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Wednesday, 11 October, 2000, 15:48 GMT 16:48 UK
Dot.coms 'are fading'
Dot.com company presentation
Hopeful dot.coms are having a hard time to find investors and customers
The promise and the pitfalls of the internet were on centre stage at the UK Internet Summit in London this Wednesday.

Chancellor Gordon Brown opened the conference with a message of hope by saying Britain was starting to use net technologies to unleash the creativity and innovation of its people.


The blessings of the new technology give us the means to break down the walls dividing people

Gordon Brown
He acknowledged that a digital divide still exists, and unveiled details of the first schemes that will take computers and net access to some of the most deprived parts of the country and start to close this gap.

But successive speakers at the conference were more cautious, highlighting the obstacles fledgling net businesses and the electronic economy were facing.

At the internet summit in 1999, Mr Brown announced several schemes designed to put computers and net access into the hands of those that, until now, have been unable to afford it.

Ventuire capitalists and web entrepreneurs at a networking meeting of The Chemistry in London
Venture capitalists meeting entrepreneurs are now paying close attention to their business plans
Now one year on, one of the first schemes is being launched in Kensington, Liverpool, where the government will spend 1m giving computers and cheap net access to 2,000 homes.

Alongside the recycled computers will go a training scheme that teaches parents and children how to get the most out of the net, use it to find jobs, contact local and national government and improve their quality of life.

"The blessings of the new technology give us the means to break down the walls dividing people and the problems of exclusion," the chancellor said. "You cannot build a knowledge driven economy without having a knowledge society as well."

Dot.coms fading?

But many speakers at the conference said web businesses faced more fundamental problems than a lack of skilled or educated workers.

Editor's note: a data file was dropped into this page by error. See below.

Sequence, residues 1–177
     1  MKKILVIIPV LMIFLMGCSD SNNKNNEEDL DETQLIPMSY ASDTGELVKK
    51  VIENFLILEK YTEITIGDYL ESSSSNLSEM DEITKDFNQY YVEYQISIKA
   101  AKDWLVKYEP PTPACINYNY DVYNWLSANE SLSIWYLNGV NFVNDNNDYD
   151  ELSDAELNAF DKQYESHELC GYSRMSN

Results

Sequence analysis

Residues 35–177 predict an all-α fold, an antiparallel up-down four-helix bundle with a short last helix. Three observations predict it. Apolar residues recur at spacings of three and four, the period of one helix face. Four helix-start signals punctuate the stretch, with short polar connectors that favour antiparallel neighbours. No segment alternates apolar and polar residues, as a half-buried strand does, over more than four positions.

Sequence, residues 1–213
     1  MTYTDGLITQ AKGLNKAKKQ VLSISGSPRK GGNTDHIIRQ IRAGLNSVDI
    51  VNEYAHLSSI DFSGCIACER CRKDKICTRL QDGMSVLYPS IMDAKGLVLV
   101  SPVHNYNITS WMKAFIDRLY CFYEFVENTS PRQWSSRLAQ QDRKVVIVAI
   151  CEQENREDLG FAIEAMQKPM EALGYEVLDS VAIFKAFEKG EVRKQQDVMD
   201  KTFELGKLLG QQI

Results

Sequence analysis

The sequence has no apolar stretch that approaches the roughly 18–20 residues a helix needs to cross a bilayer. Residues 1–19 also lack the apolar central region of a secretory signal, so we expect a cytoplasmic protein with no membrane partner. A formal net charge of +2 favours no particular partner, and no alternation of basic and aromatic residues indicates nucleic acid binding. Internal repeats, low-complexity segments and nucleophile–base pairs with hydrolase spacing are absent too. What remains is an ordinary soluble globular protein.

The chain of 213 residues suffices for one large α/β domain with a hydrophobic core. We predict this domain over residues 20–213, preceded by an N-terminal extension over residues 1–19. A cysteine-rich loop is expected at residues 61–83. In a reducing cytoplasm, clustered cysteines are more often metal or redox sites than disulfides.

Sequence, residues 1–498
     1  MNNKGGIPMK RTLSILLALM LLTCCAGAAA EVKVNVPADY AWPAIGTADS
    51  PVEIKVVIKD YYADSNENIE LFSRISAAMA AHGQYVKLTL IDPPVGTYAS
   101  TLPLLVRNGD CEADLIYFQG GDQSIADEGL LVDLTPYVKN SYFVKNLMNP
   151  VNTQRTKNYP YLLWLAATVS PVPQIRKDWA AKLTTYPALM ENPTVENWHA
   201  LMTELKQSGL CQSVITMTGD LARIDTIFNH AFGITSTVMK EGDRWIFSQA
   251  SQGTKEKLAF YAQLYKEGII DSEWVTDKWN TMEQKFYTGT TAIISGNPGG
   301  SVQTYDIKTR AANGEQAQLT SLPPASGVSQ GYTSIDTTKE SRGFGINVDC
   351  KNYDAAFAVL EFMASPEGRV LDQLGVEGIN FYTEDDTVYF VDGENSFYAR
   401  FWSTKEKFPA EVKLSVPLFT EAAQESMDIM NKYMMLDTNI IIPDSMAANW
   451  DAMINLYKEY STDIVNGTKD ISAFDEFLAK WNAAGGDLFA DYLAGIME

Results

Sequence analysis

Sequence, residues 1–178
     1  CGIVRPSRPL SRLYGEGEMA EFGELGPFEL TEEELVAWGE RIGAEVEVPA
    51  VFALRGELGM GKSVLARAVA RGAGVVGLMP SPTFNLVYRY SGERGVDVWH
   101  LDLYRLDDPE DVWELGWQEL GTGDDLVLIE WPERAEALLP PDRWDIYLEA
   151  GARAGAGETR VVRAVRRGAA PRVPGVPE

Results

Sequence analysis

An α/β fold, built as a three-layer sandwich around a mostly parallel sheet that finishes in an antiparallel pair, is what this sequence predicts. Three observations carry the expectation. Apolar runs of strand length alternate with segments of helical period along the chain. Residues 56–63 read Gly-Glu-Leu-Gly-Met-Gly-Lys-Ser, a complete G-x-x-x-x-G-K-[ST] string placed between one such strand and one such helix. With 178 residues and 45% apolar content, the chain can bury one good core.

Ruth Porat, managing director of Morgan Stanley's Investment Banking Division, said the fact that the stock valuations of the top two web companies in almost every business sector was down at least 25% from their peaks showed that faith in dot.coms was fading.

She said the downward slide and poor profitability of many dot.coms was scaring off venture capital companies and investors alike. "No-one wants to catch a falling knife," she said.

Doubting internet pure-plays

Ms Porat said backers like Morgan Stanley were being much more careful about where they put their money and how a dot.com plans to make money.

Other speakers doubted whether pure-play dot.coms, those that sell only via the web, could survive. They forecast that soon traditional businesses would push them out of the way and take all their customers.

"The problem with a lot of internet businesses is that their underlying economics do not work," said John Browett, chief executive of Tesco.com.

"A lot of them are hoping that they will be the only one left in their line of business, which will mean they can put prices up and make money."

By contrast, he said, many more traditional companies had other ways to make money that could be used to offset the initial high costs of doing business via the web.

The UK Internet Summit is organised by The New Statesman magazine, media giant WPP.com and telecommunications company WorldCom and brings together policy makers and business leaders to talk about the best way to exploit and embrace the internet.

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Background:
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